This is the story of Stefanie Gilmour and her struggles to create a garden from the the basic lawn and a few shrubs she found when moving to a new property. Follow her efforts as her initial enthusiasm results in overcrowded beds that suffered as a result. Eventually she decides to take matters seriously and takes a Master Gardener Volunteer course and as a result past failure turns to success. I found Stefanie’s article on the Gardening Know How website.

When we first moved to the Lot, the landscaping left much to be desired. Other than several shrubs planted too close to the house and garage, we had a blank canvas (a.k.a. a lawn). While hop-scotching around the city from apartment to apartment, I hadn?t felt the urge to garden. However, as soon as we had our little patch of green to call our very own, it was game over. I had the itch to grow vegetation, and I had it bad.
In the Beginning
At first, visiting a garden center would often result in a carload of plants and a serious dip in my bank account balance. I was a whirling dervish in the nurseries. There was no attention given to ?growing zones,? ?mature size,? or ?light requirements.? The plant was beautiful and it was coming home with me. Into the cart it went.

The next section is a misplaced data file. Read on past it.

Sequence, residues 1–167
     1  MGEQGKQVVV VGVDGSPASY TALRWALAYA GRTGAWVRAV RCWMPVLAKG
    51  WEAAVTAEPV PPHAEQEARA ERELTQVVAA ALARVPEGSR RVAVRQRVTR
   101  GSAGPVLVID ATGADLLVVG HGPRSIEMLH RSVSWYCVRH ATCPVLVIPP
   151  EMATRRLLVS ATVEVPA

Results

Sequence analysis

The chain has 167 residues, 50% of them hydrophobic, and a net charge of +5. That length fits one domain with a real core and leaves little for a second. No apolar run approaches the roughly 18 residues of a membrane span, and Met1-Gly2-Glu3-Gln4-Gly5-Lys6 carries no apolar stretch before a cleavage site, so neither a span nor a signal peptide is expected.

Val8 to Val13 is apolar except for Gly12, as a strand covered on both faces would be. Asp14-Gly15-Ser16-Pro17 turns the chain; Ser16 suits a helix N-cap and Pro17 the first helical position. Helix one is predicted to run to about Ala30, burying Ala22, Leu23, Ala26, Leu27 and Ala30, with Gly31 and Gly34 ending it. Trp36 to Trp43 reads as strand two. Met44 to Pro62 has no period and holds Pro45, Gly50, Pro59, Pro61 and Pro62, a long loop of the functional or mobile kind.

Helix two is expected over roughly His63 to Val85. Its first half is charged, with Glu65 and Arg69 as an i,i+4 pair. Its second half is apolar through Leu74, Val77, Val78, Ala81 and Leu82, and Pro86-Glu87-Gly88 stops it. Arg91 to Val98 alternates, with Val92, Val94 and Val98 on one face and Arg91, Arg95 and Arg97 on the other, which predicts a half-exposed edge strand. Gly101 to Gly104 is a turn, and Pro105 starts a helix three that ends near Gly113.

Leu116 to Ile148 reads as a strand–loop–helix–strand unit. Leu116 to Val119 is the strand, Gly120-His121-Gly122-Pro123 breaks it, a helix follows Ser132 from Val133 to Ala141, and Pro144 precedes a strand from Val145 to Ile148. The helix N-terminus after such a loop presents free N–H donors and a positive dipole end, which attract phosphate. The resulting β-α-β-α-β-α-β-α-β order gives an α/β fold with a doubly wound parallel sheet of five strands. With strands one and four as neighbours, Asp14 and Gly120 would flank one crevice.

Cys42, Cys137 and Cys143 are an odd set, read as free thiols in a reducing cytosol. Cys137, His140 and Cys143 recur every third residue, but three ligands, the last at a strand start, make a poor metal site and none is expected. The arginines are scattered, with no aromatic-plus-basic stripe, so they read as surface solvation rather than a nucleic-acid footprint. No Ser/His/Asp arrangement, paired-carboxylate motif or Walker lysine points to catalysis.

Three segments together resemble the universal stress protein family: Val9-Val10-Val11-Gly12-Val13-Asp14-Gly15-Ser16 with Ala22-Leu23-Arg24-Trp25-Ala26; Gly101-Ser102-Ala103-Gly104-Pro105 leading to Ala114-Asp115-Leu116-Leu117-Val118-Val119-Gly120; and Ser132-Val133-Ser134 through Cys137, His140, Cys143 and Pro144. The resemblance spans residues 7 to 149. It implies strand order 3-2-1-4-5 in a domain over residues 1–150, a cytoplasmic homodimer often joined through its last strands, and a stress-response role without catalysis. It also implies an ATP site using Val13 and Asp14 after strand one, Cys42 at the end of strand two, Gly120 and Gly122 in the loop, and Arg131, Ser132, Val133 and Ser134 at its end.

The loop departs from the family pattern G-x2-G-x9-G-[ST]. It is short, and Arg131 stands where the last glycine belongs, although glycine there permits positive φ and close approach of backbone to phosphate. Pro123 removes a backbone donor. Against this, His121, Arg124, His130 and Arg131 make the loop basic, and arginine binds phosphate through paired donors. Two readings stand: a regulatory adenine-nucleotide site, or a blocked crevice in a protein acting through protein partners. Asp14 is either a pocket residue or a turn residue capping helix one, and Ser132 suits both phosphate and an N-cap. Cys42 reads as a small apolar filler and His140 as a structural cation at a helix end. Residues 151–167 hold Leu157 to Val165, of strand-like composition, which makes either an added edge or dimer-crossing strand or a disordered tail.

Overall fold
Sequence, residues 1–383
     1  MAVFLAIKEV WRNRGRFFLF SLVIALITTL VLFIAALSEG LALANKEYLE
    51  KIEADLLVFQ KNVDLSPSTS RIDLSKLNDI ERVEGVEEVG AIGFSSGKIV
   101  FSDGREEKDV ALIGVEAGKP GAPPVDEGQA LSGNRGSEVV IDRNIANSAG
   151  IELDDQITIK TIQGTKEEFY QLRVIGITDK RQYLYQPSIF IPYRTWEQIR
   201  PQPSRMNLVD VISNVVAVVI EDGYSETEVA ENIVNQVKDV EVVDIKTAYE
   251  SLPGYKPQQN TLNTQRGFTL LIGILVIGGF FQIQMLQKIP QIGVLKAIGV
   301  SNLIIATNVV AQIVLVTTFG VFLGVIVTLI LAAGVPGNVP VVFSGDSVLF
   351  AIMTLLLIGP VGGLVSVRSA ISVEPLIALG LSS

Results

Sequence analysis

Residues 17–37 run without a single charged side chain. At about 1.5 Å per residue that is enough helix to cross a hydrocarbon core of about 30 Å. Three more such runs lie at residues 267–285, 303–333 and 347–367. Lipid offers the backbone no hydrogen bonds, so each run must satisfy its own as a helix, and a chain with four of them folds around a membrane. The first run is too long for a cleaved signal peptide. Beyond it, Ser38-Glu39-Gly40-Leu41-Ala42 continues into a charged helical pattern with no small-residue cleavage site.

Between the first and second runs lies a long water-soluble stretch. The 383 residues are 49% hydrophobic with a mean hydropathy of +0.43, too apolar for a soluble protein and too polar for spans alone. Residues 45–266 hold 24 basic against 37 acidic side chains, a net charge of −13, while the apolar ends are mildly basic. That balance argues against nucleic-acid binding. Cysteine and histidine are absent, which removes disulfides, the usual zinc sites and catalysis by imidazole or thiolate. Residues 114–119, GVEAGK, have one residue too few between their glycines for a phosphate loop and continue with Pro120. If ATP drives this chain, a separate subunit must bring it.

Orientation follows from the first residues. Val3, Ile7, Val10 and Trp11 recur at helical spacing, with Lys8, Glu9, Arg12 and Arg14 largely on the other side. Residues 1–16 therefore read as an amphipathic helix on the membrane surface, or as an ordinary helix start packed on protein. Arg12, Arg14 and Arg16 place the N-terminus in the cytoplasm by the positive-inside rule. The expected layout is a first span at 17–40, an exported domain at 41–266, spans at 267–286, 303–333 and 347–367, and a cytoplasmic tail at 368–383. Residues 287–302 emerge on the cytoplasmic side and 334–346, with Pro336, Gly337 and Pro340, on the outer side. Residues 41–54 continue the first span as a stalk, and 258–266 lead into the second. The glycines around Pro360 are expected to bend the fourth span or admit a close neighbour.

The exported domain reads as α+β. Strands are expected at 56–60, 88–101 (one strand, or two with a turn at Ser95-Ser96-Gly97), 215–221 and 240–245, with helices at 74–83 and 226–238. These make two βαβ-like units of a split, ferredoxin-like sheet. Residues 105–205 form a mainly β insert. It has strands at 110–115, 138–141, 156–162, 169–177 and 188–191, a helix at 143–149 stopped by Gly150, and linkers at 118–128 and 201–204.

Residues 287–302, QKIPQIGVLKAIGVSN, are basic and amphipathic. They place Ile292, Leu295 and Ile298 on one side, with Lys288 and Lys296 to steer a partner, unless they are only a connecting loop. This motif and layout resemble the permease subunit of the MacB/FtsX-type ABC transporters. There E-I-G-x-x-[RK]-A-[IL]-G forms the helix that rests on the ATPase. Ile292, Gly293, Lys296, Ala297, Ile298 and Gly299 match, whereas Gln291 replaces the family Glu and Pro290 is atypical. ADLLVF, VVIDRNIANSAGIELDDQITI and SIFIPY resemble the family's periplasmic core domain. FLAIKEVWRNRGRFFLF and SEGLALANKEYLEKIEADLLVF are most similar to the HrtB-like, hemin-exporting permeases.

It didn?t take long for my reckless behavior to catch up with me on the Lot. Plants began to struggle and die. Beds became overcrowded and diseased. You mean I have to water? Wait, I have to weed? Hold on, the plants don?t wait for a break in my schedule so I can sculpt them into a breathtaking garden?!

design-disasterA Design Disaster
Getting Educated
After some years of blissful bumbling about on the Lot, I made the decision to devote time to learning about gardening. There is a certain freedom to ?winging it,? but I was becoming frustrated by the results. I eventually took a Master Gardener Volunteer course through the local Extension Office. It was instant love as I dove down the rabbit hole of gardening WITH SCIENCE.
I mailed soil in to be tested, I began to memorize Latin names, I learned to prune, to plant, and to identify pests and disease. Existing plants were shuffled in the expanding beds. New plants were carefully selected and strategically placed. Rain barrels, a compost bin, and two raised vegetable beds were added. I received a vermicompost bin with red wigglers for my birthday and was elated!

See more at Gardening Know How